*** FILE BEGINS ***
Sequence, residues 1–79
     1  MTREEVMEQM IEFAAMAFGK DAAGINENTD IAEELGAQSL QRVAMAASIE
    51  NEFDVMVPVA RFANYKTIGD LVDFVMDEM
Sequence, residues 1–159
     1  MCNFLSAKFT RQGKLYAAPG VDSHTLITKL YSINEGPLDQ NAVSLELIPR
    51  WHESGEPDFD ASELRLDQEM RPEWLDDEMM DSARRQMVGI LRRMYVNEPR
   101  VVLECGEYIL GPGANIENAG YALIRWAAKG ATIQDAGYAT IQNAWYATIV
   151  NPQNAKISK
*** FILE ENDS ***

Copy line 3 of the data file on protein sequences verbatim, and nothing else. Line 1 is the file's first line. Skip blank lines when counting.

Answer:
    51  NEFDVMVPVA RFANYKTIGD LVDFVMDEM